B.C. has declared a state of emergency due to flooding and landslides, including in the Sumas Prairie area of the Fraser Valley.
Evacuations, and a “critical” watch on continued water level rise, continue in Abbotsford.
On Nov. 12, an atmospheric river that formed in the Pacific Ocean moved onto North America’s west coast. Torrential rain followed, and on Tuesday the Sumas Prairie flooded, forcing the evacuation of 1,100 homes in Abbotsford.
The floodwaters came from the Nooksack River in Washington. Here’s a map that tracks the path of the water as it crossed into B.C.
Even in a flood, waters from the Nooksack River usually stay within the U.S. But this time, the water headed north and downhill into Canada, prompting Abbotsford Mayor Henry Braun to admit it “may turn out to have been a greater threat than we thought.”
The water breached the Sumas River dike that was supposed to contain such a flood, and began to flood the Sumas Prairie.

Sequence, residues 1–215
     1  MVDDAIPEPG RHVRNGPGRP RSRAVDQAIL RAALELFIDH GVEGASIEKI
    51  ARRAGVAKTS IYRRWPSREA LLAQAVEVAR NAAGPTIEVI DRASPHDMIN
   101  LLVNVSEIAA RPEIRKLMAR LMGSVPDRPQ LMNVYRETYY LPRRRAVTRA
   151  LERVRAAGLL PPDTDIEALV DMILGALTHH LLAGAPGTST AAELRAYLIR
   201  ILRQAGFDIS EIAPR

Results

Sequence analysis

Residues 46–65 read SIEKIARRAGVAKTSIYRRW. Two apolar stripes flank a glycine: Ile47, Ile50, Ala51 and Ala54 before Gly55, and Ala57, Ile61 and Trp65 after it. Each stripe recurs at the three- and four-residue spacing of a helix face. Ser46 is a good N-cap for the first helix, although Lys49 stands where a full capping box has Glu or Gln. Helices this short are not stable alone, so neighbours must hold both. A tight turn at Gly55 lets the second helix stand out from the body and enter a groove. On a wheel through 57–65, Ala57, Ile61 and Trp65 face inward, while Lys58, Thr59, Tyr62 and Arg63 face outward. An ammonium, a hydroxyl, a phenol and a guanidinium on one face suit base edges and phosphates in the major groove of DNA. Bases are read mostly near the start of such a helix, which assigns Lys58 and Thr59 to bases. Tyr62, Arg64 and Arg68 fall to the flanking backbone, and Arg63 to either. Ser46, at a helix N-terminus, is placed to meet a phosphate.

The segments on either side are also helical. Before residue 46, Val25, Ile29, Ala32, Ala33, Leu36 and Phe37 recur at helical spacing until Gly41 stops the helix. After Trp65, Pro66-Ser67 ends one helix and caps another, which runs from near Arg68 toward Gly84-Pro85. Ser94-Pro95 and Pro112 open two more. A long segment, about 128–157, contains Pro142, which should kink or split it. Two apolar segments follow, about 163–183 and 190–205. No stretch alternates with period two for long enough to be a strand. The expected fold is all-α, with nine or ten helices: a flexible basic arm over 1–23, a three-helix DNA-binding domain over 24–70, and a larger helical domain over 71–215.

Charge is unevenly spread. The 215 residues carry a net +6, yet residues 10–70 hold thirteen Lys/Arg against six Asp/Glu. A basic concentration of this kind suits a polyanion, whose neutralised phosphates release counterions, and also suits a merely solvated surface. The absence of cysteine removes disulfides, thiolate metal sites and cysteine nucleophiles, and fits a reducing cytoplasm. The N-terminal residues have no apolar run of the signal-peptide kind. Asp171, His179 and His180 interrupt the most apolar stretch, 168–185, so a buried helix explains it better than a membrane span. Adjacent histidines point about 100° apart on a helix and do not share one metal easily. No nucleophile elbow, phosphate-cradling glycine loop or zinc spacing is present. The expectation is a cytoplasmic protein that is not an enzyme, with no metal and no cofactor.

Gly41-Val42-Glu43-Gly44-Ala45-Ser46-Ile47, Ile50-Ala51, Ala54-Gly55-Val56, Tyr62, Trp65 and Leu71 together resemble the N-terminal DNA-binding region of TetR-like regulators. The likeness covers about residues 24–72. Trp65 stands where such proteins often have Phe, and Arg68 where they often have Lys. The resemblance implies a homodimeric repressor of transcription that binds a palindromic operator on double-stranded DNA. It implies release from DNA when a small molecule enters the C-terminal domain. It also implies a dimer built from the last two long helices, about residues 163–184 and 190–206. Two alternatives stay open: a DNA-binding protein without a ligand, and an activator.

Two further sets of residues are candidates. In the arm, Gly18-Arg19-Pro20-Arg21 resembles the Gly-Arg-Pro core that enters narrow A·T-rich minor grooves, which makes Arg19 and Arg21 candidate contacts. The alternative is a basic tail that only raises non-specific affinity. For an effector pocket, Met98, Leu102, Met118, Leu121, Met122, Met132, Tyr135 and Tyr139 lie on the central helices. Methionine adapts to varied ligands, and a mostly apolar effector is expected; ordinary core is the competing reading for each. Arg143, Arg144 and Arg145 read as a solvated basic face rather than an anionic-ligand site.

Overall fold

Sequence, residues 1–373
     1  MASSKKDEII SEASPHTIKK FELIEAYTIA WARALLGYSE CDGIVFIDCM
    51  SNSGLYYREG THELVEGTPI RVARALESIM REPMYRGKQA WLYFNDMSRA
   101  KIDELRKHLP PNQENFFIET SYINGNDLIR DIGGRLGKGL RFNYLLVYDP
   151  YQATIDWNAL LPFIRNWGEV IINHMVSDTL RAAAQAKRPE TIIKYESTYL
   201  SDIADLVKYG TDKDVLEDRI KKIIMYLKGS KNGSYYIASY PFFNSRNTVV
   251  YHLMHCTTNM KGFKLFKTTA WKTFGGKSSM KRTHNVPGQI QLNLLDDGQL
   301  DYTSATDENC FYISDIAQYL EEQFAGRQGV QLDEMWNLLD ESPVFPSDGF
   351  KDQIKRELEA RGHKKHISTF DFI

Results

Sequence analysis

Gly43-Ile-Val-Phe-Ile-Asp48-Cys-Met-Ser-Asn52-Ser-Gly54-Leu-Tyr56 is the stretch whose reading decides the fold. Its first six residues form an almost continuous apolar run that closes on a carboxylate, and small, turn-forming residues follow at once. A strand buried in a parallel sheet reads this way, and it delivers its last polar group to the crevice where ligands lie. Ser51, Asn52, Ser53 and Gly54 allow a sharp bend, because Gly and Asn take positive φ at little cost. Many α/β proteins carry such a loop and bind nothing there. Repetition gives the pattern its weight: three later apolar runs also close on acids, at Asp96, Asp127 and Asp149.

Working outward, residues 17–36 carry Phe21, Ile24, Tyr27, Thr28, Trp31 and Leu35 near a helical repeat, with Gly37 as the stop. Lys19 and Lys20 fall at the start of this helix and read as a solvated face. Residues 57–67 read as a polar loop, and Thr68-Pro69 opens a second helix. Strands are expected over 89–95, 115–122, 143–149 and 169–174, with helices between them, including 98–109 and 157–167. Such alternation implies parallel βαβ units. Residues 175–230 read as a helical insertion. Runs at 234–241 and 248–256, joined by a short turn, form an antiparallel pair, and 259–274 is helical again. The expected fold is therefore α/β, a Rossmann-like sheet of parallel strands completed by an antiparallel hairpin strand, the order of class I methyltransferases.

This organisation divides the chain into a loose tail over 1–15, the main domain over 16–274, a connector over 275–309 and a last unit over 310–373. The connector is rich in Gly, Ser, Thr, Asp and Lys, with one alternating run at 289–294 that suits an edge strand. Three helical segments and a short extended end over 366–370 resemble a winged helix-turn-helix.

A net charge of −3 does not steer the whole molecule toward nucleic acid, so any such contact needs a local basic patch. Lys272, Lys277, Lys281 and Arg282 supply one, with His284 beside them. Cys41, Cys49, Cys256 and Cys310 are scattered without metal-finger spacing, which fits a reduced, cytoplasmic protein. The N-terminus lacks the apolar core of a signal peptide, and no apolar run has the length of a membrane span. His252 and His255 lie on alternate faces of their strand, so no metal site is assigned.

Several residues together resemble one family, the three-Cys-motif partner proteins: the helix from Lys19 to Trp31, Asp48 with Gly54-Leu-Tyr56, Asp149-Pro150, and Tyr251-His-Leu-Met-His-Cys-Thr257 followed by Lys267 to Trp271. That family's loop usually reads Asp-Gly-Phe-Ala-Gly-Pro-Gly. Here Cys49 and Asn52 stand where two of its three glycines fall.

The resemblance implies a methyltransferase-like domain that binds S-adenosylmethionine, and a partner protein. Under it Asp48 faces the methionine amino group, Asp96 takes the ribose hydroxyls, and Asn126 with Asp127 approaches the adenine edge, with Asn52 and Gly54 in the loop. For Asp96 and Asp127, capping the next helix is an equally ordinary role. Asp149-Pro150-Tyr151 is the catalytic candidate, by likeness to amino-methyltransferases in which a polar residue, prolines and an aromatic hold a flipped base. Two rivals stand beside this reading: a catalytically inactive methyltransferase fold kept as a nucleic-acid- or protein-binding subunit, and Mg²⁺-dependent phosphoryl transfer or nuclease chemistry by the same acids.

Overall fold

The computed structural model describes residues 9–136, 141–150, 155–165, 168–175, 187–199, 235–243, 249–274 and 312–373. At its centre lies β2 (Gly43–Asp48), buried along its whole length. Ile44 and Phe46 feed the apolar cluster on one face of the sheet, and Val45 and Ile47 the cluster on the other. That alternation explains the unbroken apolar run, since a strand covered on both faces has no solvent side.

At the top right of the map, you’ll see the Barrowtown Pump Station, which sucks water out of the prairie’s fields. On Tuesday night, the City of Abbotsford expected the pump station to be overwhelmed by floodwaters.
The station’s four drainage pumps are the largest in Western Canada and can handle 250,000 gallons a minute, said Braun, but “there is way more that has come into the prairie.”
But 150 people, crews, volunteers and farmers were able to build a sandbag dam to hold the water back and buy the city some time.
The Sumas Prairie was created in 1924, when the Sumas Lake was diked and drained. This was to provide fertile farmland, as well as to avoid floods like one in 1894 when the Fraser River overflowed. At its highest, the water reached just under 8 metres in Mission, B.C.
The map above, commissioned by the city last year, shows a worst-case flooding scenario, with floodwater from the Nooksack River and dike and embankment breaches.
The current situation isn’t this bad, and water is already beginning to recede in the Huntingdon neighbourhood near the U.S. border.
Still, Abbotsford’s mayor maintains it is critical.
“We’re not out of this yet,” Braun said Wednesday morning. “The Nooksack is still flowing across our border, and that water is pouring into Sumas Prairie.”